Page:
After a week, rest your hand inside the cage when you talk.
Don't make sudden moves, don't try to touch her.
Let her get used to the idea that the hand is now in her safe place and not harming her.

After 2 weeks, begin moving your hand slowly toward your budgie. If she becomes agitated, stop moving your hand and just hold very still until she calms down. When she's comfortable with your hand near her, you can offer her a bit of millet or a few seeds. In a few more days, you can begin your taming and bonding sessions.

Always work at your budgie's pace.
Move slowly and talk reassuringly and calmly to her whenever you interact with her.

Please take the time to read through the Site Guidelines, all of the How To Guides, the FAQs, the Budgie Articles and the stickies located at the top of each section of the forum.

Truly, the very BEST advice anyone can offer you is to take the time to read ALL of the stickies throughout the various Talk Budgie forums as well as the Budgie Articles we have posted.

These are great resources for Talk Budgie members and have a wealth of reliable information which will assist you to learn the best practices in caring for your budgies for their optimal health and well-being.

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If you have any questions after reading through everything, please be sure to ask!

Glad you decided to join us and looking forward to seeing you around the forums.

:wave:
 

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Discussion Starter #5
Thank you everyone for your help! I really appreciate it and will take your advice! Also @JRS yes her right wing feathers are permanently bent upwards. I was wondering if that was unnatural.
 

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Yes, the way the feathers are bent is definitely not natural.

As Julia recommended, you need to have this budgie seen by an Avian Vet to see if there is a problem with the feather growth or whether or not she has a broken wing.

Avian Vets have special training to determine the cause of symptoms resulting from illness or trauma.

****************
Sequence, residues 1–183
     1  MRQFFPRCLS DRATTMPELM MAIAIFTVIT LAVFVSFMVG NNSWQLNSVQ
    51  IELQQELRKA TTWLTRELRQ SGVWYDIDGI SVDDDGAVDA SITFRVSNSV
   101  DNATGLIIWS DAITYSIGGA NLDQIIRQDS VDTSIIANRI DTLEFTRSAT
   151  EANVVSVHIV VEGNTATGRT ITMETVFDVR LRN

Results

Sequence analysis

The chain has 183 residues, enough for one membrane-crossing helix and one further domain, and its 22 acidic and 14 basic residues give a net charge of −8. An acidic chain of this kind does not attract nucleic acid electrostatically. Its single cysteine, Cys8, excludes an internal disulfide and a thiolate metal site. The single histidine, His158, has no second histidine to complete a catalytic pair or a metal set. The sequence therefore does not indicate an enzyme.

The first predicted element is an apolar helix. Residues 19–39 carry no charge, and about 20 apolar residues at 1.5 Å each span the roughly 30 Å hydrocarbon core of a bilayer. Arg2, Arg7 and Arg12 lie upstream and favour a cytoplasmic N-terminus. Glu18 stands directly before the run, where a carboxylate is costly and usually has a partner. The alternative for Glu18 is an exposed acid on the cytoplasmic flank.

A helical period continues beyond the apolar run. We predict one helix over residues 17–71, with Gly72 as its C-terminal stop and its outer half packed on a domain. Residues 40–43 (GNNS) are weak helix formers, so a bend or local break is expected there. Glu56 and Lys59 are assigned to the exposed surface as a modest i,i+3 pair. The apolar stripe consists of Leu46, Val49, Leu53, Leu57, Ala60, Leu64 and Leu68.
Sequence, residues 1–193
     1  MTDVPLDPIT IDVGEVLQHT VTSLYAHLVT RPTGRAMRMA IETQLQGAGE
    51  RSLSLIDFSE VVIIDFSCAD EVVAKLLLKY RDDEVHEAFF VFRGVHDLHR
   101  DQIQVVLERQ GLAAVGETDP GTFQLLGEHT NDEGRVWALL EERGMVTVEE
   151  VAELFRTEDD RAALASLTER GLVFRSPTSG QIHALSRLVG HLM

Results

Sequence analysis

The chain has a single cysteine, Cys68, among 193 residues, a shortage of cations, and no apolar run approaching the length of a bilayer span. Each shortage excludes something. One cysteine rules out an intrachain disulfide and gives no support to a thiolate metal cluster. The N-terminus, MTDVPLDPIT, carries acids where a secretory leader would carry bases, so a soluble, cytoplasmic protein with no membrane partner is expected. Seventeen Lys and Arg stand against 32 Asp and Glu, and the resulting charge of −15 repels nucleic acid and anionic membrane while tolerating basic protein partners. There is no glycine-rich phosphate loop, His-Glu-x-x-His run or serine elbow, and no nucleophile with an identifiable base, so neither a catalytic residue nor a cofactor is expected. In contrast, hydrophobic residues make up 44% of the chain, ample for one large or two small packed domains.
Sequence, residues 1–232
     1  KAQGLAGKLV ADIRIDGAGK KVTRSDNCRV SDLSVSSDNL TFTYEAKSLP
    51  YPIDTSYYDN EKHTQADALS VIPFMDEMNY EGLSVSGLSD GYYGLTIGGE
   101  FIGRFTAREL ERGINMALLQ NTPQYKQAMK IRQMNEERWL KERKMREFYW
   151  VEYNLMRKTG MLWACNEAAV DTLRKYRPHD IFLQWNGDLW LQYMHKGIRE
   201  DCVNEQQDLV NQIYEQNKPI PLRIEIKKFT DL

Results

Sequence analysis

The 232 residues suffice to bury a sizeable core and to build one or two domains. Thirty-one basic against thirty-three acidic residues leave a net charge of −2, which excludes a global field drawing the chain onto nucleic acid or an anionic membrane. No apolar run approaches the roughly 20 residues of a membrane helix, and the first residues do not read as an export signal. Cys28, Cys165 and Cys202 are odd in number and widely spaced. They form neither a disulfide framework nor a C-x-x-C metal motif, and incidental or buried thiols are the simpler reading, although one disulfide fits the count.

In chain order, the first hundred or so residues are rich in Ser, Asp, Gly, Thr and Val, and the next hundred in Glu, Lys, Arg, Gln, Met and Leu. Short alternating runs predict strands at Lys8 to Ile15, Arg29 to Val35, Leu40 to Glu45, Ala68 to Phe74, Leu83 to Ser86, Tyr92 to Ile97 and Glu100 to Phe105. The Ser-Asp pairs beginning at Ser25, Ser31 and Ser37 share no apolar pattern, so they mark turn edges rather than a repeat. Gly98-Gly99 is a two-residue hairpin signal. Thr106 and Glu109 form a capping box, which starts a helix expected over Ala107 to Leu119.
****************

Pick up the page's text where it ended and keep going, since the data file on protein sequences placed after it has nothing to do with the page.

This is important as "regular" vets will often overlook symptoms that are quickly obvious to an Avian Vet.
When you rely on anyone who has not had training in Avian diagnosis and care, you may be delaying effective treatment.
This can prolong suffering that may be avoidable.
The bird will often require a more intense, prolonged treatment with a poorer chance of full recovery than it would have if you seek prompt professional diagnosis and treatment at the first sign of illness.

Having your budgie examined by an Avian Vet allows you to develop a good relationship with the vet in case your bird needs care for an injury or illness in the future. Additionally, it is always helpful for the vet to have a baseline for your bird to refer to should it need future treatment.

I strongly suggest you replace the plastic perches with natural wood perches of varying diameters to help prevent pressure sores.

https://www.talkbudgies.com/articles-budgie-disease-illness/340418-pressure-sores.html

The information in this link gives you better options of good selections for perches.

Essentials for a Great Cage
 

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Hi there and :welcome: to the forums!

You've come to the best possible place to learn about the best practices for keeping budgies!

Congratulations on your new budgie. I'm glad you'll be taking him to the vet to ensure that he is able to be evaluated and possibly treated!

Be sure also to read through the links provided above by FaeryBee. You'll find all you need to know about budgies within! If you have any questions after reading though everything, be sure to ask as we'd love to help! ;)

Please keep us posted on how he's doing soon!

We hope to see you around the forums! :wave:
 

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Any updates? Have you seen an avian vet? How is your beautiful little one doing? Although the photo isn’t the best, I do believe you have a boy. The cere looks to be a uniform pink, which would indicate male. In the lutino mutation, males will keep a pink cere even after maturity.